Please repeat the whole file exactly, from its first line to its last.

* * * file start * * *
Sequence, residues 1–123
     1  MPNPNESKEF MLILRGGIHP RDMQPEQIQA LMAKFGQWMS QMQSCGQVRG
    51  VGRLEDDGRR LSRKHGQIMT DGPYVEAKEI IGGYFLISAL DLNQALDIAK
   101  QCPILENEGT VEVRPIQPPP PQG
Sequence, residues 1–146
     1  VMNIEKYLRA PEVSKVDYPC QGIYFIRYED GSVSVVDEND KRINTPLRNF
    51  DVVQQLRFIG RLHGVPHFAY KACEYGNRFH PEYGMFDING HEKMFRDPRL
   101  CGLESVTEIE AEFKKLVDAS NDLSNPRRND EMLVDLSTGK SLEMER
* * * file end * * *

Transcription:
Sequence, residues 1–123
     1  MPNPNESKEF MLILRGGIHP RDMQPEQIQA LMAKFGQWMS QMQSCGQVRG
    51  VGRLEDDGRR LSRKHGQIMT DGPYVEAKEI IGGYFLISAL DLNQALDIAK
   101  QCPILENEGT VEVRPIQPPP PQG
Sequence, residues 1–146
     1  VMNIEKYLRA PEVSKVDYPC QGIYFIRYED GSVSVVDEND KRINTPLRNF
    51  DVVQQLRFIG RLHGVPHFAY KACEYGNRFH PEYGMFDING HEKMFRDPRL
   101  CGLESVTEIE AEFKKLVDAS NDLSNPRRND EMLVDLSTGK SLEMER